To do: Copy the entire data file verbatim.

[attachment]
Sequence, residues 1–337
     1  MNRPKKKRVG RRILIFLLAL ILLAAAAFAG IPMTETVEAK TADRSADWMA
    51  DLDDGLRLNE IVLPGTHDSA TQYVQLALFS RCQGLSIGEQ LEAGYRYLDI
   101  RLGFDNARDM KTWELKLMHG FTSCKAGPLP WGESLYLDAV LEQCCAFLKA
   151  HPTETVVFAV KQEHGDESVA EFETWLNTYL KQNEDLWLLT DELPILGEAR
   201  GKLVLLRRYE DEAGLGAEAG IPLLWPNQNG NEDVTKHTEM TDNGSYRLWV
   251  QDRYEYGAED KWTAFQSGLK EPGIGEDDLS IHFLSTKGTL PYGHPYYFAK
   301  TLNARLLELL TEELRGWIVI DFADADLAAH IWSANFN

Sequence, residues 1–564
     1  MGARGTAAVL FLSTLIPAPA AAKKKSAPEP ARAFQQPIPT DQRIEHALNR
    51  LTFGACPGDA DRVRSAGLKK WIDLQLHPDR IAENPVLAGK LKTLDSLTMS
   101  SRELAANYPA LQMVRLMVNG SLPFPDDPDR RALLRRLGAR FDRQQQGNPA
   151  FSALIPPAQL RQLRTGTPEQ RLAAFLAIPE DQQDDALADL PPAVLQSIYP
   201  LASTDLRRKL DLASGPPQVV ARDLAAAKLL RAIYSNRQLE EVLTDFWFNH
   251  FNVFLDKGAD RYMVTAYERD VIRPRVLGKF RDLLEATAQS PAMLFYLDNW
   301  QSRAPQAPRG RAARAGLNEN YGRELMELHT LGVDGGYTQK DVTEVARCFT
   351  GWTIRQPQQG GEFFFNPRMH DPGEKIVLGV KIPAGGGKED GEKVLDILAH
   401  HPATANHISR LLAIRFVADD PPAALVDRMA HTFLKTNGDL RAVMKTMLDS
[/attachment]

Sequence, residues 1–337
     1  MNRPKKKRVG RRILIFLLAL ILLAAAAFAG IPMTETVEAK TADRSADWMA
    51  DLDDGLRLNE IVLPGTHDSA TQYVQLALFS RCQGLSIGEQ LEAGYRYLDI
   101  RLGFDNARDM KTWELKLMHG FTSCKAGPLP WGESLYLDAV LEQCCAFLKA
   151  HPTETVVFAV KQEHGDESVA EFETWLNTYL KQNEDLWLLT DELPILGEAR
   201  GKLVLLRRYE DEAGLGAEAG IPLLWPNQNG NEDVTKHTEM TDNGSYRLWV
   251  QDRYEYGAED KWTAFQSGLK EPGIGEDDLS IHFLSTKGTL PYGHPYYFAK
   301  TLNARLLELL TEELRGWIVI DFADADLAAH IWSANFN

Sequence, residues 1–564
     1  MGARGTAAVL FLSTLIPAPA AAKKKSAPEP ARAFQQPIPT DQRIEHALNR
    51  LTFGACPGDA DRVRSAGLKK WIDLQLHPDR IAENPVLAGK LKTLDSLTMS
   101  SRELAANYPA LQMVRLMVNG SLPFPDDPDR RALLRRLGAR FDRQQQGNPA
   151  FSALIPPAQL RQLRTGTPEQ RLAAFLAIPE DQQDDALADL PPAVLQSIYP
   201  LASTDLRRKL DLASGPPQVV ARDLAAAKLL RAIYSNRQLE EVLTDFWFNH
   251  FNVFLDKGAD RYMVTAYERD VIRPRVLGKF RDLLEATAQS PAMLFYLDNW
   301  QSRAPQAPRG RAARAGLNEN YGRELMELHT LGVDGGYTQK DVTEVARCFT
   351  GWTIRQPQQG GEFFFNPRMH DPGEKIVLGV KIPAGGGKED GEKVLDILAH
   401  HPATANHISR LLAIRFVADD PPAALVDRMA HTFLKTNGDL RAVMKTMLDS